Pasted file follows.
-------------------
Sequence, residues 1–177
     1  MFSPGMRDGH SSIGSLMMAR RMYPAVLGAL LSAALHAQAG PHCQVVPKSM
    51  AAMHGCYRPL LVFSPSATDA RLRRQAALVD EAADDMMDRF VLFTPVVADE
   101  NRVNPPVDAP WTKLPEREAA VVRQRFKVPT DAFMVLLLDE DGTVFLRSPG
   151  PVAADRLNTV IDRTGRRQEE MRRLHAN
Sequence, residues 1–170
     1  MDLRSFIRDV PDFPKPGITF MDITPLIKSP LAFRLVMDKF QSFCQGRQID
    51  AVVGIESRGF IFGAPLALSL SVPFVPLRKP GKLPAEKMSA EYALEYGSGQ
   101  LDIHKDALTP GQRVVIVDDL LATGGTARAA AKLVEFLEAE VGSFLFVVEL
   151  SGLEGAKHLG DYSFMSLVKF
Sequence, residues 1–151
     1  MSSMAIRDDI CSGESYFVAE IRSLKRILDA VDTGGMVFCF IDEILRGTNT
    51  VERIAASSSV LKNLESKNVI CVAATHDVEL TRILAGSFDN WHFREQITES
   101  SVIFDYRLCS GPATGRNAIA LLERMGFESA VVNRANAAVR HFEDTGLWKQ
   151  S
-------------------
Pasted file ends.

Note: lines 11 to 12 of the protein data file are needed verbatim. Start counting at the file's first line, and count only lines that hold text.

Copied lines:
Sequence, residues 1–151
     1  MSSMAIRDDI CSGESYFVAE IRSLKRILDA VDTGGMVFCF IDEILRGTNT